Password manager apps create random strings of characters and let you save them in an encrypted list. You only need one complex password to log into the manager, and you’ll have easy access to all your credentials. No more memorizing long phrases, or reusing passwords!

3. Software updates

Software developers and hackers are constantly searching for vulnerabilities that can be exploited. Sometimes, a developer will find one before hackers and release a proactive update to fix it. Other times, hackers find the vulnerability first and release malware to exploit it, forcing the developer to issue a reactive update as quickly as possible.

Either way, you must update all your applications as often as possible. If you are too busy, check the software settings for an automatic update option. The inconvenience of updating when you aren’t prepared to is nothing compared to the pain of a data breach.

4. Disable flash player

Adobe Flash Player is one of the most popular ways to stream media on the web, but it has such a poor security record that most experts recommend that users block the plugin on all their devices. Flash Player has been hacked thousands of times, and products from companies like Microsoft, Apple, and Google regularly display reminders to turn it off. Open your web browser’s settings and look for the Plugins or Content Settings menu, then disable Adobe Flash Player.

 

5. HTTPS Everywhere

Just a few years ago, most websites used unencrypted connections, which meant anything you typed into a form on that site would be sent in plain text and could be intercepted with little effort. HTTPS was created to facilitate safer connections, but many sites were slow to adopt it or didn’t make it the default option.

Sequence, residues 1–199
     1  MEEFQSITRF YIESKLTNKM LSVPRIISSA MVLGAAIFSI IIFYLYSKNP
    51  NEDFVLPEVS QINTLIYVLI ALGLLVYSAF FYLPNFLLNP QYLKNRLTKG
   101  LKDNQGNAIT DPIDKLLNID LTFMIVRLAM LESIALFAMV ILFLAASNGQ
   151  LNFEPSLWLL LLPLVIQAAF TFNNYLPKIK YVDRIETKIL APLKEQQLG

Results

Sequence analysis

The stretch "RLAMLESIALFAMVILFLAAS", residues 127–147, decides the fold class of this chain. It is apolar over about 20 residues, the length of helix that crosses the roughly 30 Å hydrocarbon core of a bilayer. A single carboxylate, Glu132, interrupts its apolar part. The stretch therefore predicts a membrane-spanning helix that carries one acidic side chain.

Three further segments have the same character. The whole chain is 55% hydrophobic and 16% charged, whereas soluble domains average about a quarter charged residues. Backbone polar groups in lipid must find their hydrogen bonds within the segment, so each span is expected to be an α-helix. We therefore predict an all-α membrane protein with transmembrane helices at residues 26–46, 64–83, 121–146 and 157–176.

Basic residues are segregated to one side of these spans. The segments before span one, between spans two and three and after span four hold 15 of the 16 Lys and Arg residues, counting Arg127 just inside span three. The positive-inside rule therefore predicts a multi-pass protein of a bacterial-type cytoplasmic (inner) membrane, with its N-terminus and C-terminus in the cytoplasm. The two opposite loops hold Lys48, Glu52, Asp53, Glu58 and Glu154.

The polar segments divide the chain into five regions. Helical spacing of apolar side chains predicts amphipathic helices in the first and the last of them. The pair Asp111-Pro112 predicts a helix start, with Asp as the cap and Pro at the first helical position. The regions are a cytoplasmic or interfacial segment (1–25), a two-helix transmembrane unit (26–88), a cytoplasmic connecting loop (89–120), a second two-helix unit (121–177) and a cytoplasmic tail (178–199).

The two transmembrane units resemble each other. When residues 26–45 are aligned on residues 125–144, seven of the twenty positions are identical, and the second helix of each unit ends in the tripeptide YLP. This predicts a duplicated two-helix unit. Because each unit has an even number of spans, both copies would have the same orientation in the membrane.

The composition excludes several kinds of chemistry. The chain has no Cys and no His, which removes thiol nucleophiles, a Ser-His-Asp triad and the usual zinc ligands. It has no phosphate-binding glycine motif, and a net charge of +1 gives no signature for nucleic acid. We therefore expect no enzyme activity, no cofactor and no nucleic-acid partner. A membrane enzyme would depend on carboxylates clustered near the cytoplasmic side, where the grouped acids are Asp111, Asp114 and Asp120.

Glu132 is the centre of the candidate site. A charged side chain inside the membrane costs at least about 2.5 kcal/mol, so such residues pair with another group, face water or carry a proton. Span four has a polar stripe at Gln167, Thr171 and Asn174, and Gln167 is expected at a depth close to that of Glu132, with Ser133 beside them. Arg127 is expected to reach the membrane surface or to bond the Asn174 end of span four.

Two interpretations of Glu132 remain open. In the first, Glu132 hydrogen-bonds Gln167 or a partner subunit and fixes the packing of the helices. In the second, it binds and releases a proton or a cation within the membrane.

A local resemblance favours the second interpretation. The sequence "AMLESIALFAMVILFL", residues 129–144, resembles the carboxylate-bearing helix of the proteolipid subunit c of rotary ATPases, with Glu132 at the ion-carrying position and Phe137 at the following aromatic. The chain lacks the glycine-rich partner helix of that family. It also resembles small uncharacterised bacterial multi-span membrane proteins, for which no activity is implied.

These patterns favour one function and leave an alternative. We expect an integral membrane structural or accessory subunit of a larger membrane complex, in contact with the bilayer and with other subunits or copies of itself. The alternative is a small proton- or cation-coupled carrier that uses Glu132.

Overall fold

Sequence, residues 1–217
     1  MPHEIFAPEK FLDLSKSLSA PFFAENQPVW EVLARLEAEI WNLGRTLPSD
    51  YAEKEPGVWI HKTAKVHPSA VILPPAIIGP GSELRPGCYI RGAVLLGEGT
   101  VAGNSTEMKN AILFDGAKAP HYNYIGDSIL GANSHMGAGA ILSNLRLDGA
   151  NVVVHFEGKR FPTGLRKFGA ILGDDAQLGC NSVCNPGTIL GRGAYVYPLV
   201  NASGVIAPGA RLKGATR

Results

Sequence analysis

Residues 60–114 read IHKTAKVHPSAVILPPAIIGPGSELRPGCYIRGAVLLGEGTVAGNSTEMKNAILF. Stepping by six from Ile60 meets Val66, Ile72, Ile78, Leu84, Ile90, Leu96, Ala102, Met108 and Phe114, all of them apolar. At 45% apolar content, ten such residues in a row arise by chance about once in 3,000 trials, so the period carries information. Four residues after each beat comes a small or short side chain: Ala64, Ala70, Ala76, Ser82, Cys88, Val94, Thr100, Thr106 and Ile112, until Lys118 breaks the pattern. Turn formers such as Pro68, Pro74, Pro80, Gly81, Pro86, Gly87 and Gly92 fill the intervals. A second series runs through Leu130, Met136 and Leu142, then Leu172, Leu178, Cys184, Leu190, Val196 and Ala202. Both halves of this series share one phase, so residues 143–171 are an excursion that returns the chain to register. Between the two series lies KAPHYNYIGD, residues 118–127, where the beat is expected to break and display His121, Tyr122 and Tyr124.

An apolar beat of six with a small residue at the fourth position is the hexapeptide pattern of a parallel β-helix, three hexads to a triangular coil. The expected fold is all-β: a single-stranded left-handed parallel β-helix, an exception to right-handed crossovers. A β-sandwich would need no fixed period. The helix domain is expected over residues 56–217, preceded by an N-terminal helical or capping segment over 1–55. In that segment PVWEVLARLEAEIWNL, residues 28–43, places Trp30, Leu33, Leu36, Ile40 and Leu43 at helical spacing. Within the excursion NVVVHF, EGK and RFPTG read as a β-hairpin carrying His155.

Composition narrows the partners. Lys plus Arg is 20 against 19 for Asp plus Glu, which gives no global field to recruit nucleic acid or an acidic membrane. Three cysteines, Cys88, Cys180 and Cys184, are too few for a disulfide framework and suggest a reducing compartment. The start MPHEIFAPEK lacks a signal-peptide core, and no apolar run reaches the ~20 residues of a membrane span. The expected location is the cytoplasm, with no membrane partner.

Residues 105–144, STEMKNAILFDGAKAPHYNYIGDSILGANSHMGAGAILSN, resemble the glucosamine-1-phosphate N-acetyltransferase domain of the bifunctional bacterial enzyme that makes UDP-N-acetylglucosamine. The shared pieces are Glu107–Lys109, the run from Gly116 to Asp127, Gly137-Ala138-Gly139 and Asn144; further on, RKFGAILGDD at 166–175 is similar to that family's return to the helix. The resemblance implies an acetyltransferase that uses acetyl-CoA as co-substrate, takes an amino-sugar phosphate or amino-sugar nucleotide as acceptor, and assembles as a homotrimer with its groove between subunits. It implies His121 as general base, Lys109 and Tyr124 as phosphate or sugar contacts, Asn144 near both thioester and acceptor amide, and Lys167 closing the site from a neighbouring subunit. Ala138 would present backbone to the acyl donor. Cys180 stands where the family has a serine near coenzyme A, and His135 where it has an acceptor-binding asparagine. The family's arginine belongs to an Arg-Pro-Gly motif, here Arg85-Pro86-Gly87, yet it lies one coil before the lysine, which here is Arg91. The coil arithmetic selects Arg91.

HTTPS Everywhere is a browser extension that ensures you use an encrypted connection whenever possible and are alerted when one isn’t available on a page that requests sensitive information. It takes less than one minute and a few clicks to install it.

If you run a business with 10 or more employees, these simple tips won’t be enough to keep you safe. You’ll need a team of certified professionals that can install and manage several security solutions that work in unison. If you don’t have access to that level of expertise, our team is available to help. Give us a call today to learn more.

To learn more about how to safeguard your business, or if you are looking for an expert to help you find the best solutions for your business talk to GCInfotech about a free technology assessment.

 

Published with consideration from TechAdvisory.org SOURCE

Unless the computer app is critical for your work, alerts about a new patch update or incoming message can distract you. Luckily, you can personalize your notifications settings on Windows 10’s action center using these three simple steps.